A ‘Wolfire vs. Valve’ U.S. antitrust lawsuit update, following our May reporting about it - it looks like it’s going ahead full force (with Dark Catt folded in!) There’s a possible discovery/trial schedule, including subpoenas to Valve and partners for LOTS of data/emails. But it may be early 2024 until much happens? (Schedule still being wrangled, though.)
Last Friday, GameDiscoverCo made a Tweet repeating our estimate that MultiVersus had 19-20 million LTD players. Today? Warner Bros. officially confirmed that the game has 20 million players. Feels good, man. (We’ll have lots more on our PlayStation and Xbox player estimation tech soon.)
Due to some changes made by Valve, third-party tracking site SteamDB is looking for Steam keys for your games. As they explain: “ownership of a game allows our bot to… automatically generate patch notes for each update” based on file lists, and “detect technologies and engines in use by games.” Help ‘em out!
Ah, there's a Teardown sales number in Embracer’s gigantic financial results report, after it bought the game’s dev Tuxedo Labs: “Teardown has sold 1.1m units and has been released only on PC, and only on one store (Steam).” With 44,000 Steam reviews LTD, it’s a relatively low-ratio (for a big game!) 1 review per 23 sales.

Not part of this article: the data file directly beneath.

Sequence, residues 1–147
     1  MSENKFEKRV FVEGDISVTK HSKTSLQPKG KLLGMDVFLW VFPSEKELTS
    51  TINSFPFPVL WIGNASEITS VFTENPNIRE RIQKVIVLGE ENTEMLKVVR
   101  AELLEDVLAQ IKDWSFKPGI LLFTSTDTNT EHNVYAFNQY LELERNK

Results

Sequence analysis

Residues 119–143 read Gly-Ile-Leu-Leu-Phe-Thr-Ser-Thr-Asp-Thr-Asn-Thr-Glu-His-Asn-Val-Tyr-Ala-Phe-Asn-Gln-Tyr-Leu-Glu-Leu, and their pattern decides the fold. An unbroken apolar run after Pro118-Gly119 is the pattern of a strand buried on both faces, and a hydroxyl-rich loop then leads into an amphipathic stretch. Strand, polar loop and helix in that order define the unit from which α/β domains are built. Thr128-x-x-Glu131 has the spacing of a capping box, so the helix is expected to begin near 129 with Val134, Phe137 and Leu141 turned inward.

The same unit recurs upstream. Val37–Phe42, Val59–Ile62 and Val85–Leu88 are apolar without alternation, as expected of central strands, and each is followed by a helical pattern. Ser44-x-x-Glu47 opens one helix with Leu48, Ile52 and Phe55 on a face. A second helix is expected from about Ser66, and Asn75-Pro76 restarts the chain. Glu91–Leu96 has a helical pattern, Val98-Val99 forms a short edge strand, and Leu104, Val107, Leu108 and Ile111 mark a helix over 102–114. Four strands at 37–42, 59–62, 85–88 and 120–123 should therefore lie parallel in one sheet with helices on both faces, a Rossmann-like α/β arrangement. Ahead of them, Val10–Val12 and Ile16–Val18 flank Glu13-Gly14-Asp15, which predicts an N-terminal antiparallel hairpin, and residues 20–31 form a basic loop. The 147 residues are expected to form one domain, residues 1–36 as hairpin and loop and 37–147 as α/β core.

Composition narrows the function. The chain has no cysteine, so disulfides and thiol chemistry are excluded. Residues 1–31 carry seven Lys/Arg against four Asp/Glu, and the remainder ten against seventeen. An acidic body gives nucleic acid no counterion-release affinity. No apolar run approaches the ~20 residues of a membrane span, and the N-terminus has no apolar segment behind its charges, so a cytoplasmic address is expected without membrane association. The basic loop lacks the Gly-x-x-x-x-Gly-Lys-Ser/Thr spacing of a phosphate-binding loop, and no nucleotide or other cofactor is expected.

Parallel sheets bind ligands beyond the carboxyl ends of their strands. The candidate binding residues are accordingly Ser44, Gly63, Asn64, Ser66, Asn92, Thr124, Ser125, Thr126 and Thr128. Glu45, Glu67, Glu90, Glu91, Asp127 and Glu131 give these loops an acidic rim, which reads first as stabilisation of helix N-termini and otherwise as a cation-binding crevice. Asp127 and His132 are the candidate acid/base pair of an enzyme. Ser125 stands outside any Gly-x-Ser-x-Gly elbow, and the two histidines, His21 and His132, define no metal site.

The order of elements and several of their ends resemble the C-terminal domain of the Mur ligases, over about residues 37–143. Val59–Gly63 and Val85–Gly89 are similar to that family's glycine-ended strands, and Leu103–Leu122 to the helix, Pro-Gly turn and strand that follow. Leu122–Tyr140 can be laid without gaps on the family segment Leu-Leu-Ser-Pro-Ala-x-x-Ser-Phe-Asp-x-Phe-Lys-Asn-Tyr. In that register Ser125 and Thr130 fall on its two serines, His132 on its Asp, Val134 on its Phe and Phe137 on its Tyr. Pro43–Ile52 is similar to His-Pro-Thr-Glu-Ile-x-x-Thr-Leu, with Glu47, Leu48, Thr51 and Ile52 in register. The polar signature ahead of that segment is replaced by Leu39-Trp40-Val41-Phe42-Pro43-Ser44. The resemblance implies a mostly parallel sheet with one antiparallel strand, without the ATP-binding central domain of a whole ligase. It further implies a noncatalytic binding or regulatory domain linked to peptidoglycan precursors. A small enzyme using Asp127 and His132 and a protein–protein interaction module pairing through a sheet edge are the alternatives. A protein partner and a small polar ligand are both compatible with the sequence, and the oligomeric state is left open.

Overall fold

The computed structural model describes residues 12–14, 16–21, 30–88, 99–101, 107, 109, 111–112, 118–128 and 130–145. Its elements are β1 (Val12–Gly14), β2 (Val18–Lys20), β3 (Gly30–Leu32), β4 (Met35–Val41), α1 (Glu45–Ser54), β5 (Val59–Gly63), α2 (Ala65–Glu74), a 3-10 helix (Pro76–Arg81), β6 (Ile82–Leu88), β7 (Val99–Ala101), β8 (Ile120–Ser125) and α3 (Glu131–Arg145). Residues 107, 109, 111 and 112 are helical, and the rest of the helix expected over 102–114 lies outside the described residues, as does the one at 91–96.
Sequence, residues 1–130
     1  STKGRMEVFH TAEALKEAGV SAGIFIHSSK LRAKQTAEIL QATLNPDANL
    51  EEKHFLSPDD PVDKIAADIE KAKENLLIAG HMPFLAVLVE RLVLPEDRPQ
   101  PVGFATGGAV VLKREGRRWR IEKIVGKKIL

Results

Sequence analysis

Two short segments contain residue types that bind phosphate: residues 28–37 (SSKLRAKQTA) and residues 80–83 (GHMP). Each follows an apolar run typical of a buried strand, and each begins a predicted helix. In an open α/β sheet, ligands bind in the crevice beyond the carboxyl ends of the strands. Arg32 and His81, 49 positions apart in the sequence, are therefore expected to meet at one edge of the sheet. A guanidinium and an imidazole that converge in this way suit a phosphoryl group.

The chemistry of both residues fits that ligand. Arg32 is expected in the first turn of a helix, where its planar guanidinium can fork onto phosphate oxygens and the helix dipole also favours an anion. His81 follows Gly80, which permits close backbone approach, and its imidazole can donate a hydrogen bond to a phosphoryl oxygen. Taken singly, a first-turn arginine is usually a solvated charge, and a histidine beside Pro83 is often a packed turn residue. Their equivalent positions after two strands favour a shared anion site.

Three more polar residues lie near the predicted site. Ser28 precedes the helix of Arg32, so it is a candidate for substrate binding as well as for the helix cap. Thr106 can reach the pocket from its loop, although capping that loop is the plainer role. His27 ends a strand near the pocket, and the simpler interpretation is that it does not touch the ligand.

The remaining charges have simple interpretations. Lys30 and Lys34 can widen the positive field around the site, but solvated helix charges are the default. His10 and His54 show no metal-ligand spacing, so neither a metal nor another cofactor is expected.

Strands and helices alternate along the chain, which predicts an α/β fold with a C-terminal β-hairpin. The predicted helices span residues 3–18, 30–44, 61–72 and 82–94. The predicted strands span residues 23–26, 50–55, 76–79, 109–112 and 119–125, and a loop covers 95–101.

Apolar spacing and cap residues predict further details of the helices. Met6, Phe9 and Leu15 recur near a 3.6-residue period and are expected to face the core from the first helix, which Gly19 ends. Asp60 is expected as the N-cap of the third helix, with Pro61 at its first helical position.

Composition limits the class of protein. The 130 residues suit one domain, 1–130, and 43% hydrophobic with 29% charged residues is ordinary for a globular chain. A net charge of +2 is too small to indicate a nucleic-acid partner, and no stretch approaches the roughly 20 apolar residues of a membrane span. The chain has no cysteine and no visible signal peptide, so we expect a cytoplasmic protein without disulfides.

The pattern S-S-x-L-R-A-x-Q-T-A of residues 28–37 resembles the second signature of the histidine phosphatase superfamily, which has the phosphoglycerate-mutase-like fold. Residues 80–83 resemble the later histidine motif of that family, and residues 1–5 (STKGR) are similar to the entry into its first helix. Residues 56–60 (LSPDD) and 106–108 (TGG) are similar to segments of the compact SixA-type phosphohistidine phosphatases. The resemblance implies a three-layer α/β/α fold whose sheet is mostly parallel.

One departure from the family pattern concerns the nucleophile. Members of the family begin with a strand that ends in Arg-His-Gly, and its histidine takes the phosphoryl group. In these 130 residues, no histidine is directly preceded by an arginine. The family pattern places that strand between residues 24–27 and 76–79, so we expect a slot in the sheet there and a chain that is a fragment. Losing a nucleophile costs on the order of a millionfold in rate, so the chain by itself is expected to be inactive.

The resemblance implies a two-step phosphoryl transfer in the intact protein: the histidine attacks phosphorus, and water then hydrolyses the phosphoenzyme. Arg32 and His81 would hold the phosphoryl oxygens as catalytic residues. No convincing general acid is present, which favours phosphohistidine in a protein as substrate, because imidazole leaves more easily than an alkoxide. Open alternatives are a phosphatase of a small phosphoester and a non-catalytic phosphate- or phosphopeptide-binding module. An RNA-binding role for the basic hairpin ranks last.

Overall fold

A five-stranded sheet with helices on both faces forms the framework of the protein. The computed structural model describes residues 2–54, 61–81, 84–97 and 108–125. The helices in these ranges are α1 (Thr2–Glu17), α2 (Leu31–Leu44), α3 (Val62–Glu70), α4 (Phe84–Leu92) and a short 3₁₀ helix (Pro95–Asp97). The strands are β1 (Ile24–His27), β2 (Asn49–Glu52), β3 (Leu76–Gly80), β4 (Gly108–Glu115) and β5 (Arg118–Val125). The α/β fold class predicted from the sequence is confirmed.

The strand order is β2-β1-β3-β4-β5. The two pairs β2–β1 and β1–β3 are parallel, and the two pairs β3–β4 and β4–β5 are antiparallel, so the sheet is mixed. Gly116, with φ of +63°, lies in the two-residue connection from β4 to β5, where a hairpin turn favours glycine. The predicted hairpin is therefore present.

There’s still a lot of ‘piracy lite’ happening in the (old!) Argentina and (new!) Turkey territories on Steam, due to recent currency devaluations. (Steam prices there are 10% of USD.) Dead Cells is the latest game to increase their pricing there: “Unfortunately a significant portion of sales in the last year came from these two countries, without a corresponding increase in players there.”
Some more PC Game Pass news, as Microsoft builds out the service further: Hideo Kojima’s PlayStation-first title Death Stranding is semi-surprisingly coming out on PCGP, thanks to a deal with its PC publisher 505 Games; the Bethesda deal has allowed some classics to appear on Game Pass, including Return to Castle Wolfenstein, the OG Wolfenstein 3D and two earlier PC-only Elder Scrolls games.
While we’re talking about ratios - the ‘roguelite x Overcooked’ title PlateUp! did $1 million gross in the first 12 days on Steam, which is very impressive going. It had just 830 Steam reviews in that time, so it looks like its ‘review to sales’ ratio could be as high as 75-100 to make this all possible. (Presuming that it sold 60-75k copies. But casual co-op games often have v. high ratios…)
NPD’s Mat Piscatella has our July 2022 U.S. game hardware/select software results, and it’s all a little meh: “Year to date spending has reached $30.5 billion, a 10% decline when compared to the same period in 2021.” Though it’s worth noting: “MultiVersus was July's best-[grossing premium] video game, driven by sales of MultiVersus Founder's Packs.”
Microlinks: more Spider-Man PC file poking suggests that Sony may be considering a PlayStation PC launcher app; what does game biz consolidation mean for workers, players, and the medium itself?; are indie games too cheap? (featuring the great graph above!)
[We’re GameDiscoverCo, an agency based around one simple issue: how do players find, buy and enjoy your premium PC or console game? We run the newsletter you’re reading, and provide consulting services for publishers, funds, and other smart game industry folks.]